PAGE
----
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Diamond tycoon Lev Leviev to be questioned in smuggling case after landing in Israel

Long wanted in relation to NIS 300 million ‘Black Diamond’ probe, billionaire slapped with summons upon arriving from residence in Russia

Lev Leviev at a conference at the Renaissance Hotel in Jerusalem, September 6, 2009. (Abir Sultan/Flash90)
Lev Leviev at a conference at the Renaissance Hotel in Jerusalem, September 6, 2009. (Abir Sultan/Flash90)

Diamond magnate Lev Leviev was served with a summons by police Tuesday night upon his arrival at Ben Gurion Airport from Russia, as he is wanted for questioning in relation to the multimillion-dollar “Black Diamond” fraud investigation that began in 2018.

His arrival was coordinated with the State Attorney’s Office and he was set to be questioned by the National Fraud Unit of the police Wednesday morning, reports said.

Leviev, an Uzbekistan-born billionaire, made his fortune selling the precious stones through his company LLD Diamonds.

Authorities suspect that Leviev was involved in smuggling NIS 300 million (approximately $87 million) worth of diamonds without reporting them.

In 2018, police interrogated six suspects from his company — including Leviev’s son and brother — for alleged tax fraud and smuggling of diamonds after a suspect was stopped at Ben Gurion carrying a diamond worth NIS 1 million ($270,000) earlier that year.

Police had sought to bring Leviev to Israel for questioning at the time, and briefly considered extraditing him from Russia, where he was residing. They later rejected the terms Leviev’s lawyers proposed for his questioning in Israel.

Three suspects arrested in connection with a diamond smuggling scheme arrive for a court hearing at the Magistrate’s Court in Rishon Letzion, November 7, 2018. (Yossi Zeliger/Flash90)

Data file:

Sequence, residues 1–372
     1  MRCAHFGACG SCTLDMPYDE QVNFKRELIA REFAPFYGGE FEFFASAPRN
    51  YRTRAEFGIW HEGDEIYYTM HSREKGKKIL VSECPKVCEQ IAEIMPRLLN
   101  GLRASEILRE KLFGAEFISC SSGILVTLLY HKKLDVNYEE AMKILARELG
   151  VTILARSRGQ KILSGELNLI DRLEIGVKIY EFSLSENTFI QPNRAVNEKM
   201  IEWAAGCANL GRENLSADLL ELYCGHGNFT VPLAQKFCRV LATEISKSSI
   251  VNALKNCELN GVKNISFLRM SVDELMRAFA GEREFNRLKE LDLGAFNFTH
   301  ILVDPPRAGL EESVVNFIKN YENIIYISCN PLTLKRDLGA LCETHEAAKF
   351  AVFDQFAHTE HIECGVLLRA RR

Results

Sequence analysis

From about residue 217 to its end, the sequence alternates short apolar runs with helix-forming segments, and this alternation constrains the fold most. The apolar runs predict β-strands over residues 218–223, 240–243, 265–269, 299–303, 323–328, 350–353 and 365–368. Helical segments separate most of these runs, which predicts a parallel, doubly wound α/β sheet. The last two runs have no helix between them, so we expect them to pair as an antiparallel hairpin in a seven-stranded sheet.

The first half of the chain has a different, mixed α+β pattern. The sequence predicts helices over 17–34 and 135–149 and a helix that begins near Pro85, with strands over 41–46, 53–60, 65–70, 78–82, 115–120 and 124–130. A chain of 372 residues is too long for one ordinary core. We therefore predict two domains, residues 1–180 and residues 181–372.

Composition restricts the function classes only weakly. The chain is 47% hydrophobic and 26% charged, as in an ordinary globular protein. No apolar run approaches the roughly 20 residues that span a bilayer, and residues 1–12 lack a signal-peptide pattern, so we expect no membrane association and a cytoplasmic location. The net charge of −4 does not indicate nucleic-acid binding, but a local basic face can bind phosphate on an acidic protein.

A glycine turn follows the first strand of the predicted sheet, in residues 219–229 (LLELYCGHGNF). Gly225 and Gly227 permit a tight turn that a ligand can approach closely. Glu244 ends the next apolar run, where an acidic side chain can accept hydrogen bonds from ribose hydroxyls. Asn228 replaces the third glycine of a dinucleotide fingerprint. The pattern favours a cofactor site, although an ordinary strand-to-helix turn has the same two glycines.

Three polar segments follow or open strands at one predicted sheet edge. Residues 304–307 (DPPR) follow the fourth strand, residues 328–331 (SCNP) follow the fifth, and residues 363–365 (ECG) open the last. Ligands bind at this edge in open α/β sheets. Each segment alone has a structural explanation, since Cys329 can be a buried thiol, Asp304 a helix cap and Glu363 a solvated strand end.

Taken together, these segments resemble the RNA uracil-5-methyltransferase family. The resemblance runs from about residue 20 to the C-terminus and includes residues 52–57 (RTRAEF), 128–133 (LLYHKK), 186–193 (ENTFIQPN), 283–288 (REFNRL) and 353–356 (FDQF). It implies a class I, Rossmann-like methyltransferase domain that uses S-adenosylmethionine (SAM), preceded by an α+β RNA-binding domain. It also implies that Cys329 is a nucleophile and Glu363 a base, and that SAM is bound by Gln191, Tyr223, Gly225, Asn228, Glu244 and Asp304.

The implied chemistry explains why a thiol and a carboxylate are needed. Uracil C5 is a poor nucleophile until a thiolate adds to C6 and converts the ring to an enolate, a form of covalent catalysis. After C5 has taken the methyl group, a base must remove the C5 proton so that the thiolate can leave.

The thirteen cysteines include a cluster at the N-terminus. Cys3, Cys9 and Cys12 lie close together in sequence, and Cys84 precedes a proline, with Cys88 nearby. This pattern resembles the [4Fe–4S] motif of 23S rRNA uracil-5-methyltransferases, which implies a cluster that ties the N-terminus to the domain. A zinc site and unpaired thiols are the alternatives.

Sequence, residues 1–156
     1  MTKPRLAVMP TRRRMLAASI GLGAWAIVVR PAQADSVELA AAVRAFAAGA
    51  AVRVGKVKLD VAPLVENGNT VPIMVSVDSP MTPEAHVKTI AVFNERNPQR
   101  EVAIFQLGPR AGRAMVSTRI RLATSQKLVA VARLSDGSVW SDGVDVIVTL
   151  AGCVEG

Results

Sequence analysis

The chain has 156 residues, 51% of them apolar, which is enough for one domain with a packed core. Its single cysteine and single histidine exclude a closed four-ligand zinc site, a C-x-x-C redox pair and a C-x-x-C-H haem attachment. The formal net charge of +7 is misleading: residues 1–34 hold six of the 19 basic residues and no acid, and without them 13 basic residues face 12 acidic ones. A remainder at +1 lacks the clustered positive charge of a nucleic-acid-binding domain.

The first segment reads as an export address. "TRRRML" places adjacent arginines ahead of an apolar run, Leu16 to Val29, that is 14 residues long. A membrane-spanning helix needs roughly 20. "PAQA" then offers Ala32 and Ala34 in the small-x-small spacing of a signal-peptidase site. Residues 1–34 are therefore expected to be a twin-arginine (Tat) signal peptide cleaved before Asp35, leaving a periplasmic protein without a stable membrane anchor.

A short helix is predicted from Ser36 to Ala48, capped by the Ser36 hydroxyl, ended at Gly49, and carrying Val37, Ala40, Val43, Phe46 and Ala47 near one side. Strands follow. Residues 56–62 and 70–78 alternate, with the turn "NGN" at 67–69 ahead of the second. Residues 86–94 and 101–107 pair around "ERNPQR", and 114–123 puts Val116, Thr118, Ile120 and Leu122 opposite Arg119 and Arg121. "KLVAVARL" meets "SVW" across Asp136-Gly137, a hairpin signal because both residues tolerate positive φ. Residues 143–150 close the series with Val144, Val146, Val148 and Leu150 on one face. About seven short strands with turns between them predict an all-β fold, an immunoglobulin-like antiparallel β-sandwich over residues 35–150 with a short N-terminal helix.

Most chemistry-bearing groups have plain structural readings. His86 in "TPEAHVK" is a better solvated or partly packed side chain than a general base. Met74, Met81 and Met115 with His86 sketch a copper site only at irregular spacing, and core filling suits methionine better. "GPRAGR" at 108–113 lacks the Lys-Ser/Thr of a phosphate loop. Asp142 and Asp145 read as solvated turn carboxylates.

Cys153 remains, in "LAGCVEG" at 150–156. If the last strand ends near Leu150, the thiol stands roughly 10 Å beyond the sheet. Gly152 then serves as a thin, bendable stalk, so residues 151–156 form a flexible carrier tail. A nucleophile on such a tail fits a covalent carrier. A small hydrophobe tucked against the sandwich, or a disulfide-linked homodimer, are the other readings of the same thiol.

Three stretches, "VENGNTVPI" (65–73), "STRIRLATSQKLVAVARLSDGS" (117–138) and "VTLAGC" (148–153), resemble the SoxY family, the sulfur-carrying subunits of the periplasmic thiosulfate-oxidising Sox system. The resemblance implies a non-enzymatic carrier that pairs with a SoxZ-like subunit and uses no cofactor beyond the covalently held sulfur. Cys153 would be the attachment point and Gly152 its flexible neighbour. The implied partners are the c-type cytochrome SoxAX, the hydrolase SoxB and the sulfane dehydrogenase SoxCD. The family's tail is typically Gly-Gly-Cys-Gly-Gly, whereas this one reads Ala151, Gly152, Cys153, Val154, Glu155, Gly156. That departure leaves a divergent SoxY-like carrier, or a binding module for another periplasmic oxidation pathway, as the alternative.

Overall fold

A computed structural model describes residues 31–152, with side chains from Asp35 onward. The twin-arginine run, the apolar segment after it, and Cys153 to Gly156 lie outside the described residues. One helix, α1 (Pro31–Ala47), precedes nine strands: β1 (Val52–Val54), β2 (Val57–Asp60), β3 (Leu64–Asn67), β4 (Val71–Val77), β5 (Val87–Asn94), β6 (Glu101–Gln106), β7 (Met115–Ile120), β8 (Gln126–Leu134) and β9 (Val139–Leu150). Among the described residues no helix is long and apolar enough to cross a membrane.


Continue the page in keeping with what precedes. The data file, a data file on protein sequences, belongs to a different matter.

The investigation, handled by the Lahav 433 serious crime unit, found that a second man, who had been living abroad, entered the country in 2012 with diamonds concealed in his luggage, police said. Investigators who raided his home found hundreds of diamond-related shipping certificates.

The investigation was completed and charges of tax offenses and money laundering were being prepared against the suspects questioned in 2018, Channel 12 reported.

Also in 2018, Mazal Hadadi, a bookkeeper with Leviev’s diamond firm LLD who was also being investigated in the probe, died after jumping from the 10th floor of the Diamond Exchange Building in Ramat Gan in an apparent suicide. An investigation in 2019 ruled out suspicions of foul play in the incident.

Shimon Hayut, also known as the “Tinder Swindler,” posed as a son of the diamond tycoon while defrauding women across Europe to fund a lavish lifestyle and was featured in a Netflix documentary of the same name. Leviev’s children sued the fraudster in March.

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